Have a scotch with me, and it'll really, really look like I'm not enjoying myself, but I am. Believe me, these are busy, hectic times at RotSC Headquarters, after a big move, a bigger responsibility at work, and various other projects filling the time.
So a scotch, or a gin and tonic, are very welcome diversions. So come drink with me—first round on me, second on you -- but I have some ground rules about going out drinking in Chicago that you may want to take note of.
First -- and really, this is the one that matters most -- don't be cheap. Going out for a drink with friends is not about getting drunk, it's about drinking together. So don't tell me it's an absolute necessity to go to some dingy, overcrowded faux dive bar because the beers are a buck-fifty cheaper. drink less, talk more. It isn't, as they say, what goes into the mouth, but rather what comes out. Are you defined by what you drink or what you say? Pity those for whom the former applies.
To quote Proverbs 15, "Better [is] a dinner of herbs where love is, than a stalled ox and hatred therewith." The implication is not what you think: forget the drink, focus on the conversation. So better to drink slow, and well, than consume volumes and forget why you came.
Let's go to a place that's comfortable and quiet, or at least reasonably so. A place that is diverse in age groups, economic class, and style of dress. Especially style of dress. Somewhere where nobody looks at you except to smile, and you probably don't know anybody there -- but if you do, it'll be all the more surprising, and thus pleasant.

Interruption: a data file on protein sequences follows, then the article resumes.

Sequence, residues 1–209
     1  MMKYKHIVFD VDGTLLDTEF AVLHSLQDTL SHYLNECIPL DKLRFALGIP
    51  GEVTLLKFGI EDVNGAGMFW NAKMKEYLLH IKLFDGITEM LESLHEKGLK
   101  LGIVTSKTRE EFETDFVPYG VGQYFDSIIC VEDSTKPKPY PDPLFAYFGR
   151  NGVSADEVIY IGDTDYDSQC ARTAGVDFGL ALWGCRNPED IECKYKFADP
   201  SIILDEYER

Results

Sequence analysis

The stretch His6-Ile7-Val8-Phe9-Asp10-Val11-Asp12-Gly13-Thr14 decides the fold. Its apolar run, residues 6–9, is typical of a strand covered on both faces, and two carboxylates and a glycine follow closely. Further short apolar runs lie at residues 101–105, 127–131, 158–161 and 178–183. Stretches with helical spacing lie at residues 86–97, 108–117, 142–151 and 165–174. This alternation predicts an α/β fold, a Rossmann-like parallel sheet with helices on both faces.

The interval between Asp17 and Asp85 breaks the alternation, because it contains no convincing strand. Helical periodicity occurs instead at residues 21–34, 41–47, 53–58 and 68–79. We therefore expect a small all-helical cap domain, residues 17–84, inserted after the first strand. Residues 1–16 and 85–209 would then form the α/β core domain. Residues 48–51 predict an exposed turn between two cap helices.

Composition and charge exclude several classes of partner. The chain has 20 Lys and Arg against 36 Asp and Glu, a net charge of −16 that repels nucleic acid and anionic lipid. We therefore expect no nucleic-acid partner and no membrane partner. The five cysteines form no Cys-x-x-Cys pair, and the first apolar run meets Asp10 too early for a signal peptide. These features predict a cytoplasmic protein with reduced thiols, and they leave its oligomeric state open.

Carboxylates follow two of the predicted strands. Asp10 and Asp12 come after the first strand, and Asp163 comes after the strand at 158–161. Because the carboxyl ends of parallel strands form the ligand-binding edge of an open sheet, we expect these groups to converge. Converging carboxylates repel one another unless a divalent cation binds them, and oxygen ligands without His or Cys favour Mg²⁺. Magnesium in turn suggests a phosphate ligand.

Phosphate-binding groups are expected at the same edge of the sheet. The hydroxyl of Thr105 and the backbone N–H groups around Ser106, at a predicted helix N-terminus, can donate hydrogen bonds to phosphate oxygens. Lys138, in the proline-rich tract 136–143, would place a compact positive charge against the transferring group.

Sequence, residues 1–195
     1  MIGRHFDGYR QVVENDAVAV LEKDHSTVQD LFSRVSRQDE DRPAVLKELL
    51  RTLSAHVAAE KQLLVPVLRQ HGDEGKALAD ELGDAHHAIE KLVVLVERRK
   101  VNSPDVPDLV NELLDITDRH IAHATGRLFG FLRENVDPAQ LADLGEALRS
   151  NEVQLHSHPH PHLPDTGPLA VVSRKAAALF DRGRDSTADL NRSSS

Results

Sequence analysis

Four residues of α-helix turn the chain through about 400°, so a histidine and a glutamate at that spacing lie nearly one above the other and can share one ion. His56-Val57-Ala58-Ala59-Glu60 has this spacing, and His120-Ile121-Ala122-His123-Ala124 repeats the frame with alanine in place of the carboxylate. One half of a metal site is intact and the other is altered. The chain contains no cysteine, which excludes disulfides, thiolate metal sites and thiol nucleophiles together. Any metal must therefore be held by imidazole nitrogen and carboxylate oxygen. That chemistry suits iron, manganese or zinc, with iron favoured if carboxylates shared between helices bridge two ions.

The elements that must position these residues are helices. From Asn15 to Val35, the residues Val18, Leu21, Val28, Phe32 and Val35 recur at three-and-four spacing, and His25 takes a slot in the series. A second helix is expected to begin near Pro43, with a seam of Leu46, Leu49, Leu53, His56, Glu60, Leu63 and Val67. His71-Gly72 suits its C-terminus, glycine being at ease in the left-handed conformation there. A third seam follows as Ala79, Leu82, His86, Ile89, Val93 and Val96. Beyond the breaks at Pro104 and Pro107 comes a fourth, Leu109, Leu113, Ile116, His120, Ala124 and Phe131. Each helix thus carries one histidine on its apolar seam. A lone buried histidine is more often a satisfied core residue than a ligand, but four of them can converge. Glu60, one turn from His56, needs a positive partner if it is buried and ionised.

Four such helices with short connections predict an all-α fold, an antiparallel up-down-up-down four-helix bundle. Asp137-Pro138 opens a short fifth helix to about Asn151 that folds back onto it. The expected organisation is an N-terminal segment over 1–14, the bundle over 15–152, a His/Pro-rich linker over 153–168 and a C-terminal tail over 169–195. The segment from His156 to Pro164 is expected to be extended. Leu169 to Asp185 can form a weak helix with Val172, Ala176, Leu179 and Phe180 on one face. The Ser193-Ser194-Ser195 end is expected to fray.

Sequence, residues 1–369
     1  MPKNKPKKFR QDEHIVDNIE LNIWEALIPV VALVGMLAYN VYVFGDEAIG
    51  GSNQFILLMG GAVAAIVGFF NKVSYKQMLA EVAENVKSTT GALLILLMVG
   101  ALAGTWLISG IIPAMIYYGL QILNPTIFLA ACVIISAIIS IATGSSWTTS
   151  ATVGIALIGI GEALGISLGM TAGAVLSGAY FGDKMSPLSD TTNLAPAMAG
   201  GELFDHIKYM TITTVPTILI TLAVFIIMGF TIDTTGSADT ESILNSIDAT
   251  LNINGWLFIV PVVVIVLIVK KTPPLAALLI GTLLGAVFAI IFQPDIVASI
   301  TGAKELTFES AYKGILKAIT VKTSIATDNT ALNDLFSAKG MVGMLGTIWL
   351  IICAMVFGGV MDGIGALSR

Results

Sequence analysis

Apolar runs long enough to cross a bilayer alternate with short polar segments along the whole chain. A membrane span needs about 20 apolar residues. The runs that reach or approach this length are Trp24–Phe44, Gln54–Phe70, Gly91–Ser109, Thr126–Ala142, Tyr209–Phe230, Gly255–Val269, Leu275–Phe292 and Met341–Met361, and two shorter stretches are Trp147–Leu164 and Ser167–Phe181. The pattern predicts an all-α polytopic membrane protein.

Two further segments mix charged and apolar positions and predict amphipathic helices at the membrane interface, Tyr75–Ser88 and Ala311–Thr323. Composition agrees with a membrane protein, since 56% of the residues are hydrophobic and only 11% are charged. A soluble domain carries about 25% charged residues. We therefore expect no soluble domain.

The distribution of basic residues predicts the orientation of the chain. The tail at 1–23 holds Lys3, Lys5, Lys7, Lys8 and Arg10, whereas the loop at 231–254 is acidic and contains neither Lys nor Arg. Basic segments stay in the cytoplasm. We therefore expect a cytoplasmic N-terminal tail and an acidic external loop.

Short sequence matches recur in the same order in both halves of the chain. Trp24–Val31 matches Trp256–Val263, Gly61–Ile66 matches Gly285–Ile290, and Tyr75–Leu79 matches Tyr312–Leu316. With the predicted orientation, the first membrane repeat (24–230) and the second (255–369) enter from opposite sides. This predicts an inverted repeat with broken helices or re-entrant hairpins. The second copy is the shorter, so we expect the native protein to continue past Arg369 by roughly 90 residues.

Second, shut up about everybody else. Sure, the occasional loudmouth Cubs fan or the guy in the shimmery red Polish Eagle shirt with the sequins will deserve a comment or two. But otherwise, let's leave everybody else alone and tend to our own business. You and I, we're both interesting people -- interesting enough to dwell in our own flesh and not preoccupy ourselves with the concerns of others.
Third, let's dance. The most ancient form of celebration. Let's dance because, if the music is loud enough and we're both loving it, we respect what the eternal combination of alcohol and music was meant for: mindless but rhythmic movement with no inhibition and no thought to staring eyes. We don't need to go crazy -- we're not putting on a show -- just a little heel-toe-heel-toe and maybe a spin.
Alcohol is a great gift from nature to humanity. I have a very basic respect for it, and you'll see that when we toast to our third round on a crisp, purple autumn night. You'll note that although I'm clearly drunk, I don't drink any faster. Let's enjoy it like we've done it before. Not like animals.
Bludgeoning your liver overwhelmingly, like a brute, leads to slurred language, embarrassing malaprops and the inevitable white person hoot. "Whooo!" But slowly blending that fine Maker's Mark or Glenfiddich -- just a dollar more -- with your blood serves only to warm you up and loosen your tongue, makes conversation and playful flirtation flow more freely.
There is no badge of honor in drinking excessive amounts of disgusting booze as quickly as possible in a social setting. Better to drink less, but better -- and, of course, pool your resources.
A couple shots later, two gin and tonics, and a shallow scotch before you left the house, and you're laughing freely, standing up to spin the pretty lady behind the bar, but you can still sit down and debate, if you'd like, before returning to the jukebox to request another song. Alcohol is, really, a muse meant to lull inhibition to sleep and allow some candid joy to sneak past. Taken in excess or for its own sake, it is simply a blunt instrument, a drug, and although that has its occasional merits, it's hardly something to be done regularly. That's over-indulgence. Moderation is the mark of adulthood.
So, how about that gin and tonic? And let's go somewhere quiet -- but not too quiet -- with James Brown or Barry Manilow -- or R. Kelly -- on the jukebox.
But opening day at Soldier Field, we're grilling and I'm getting sauced.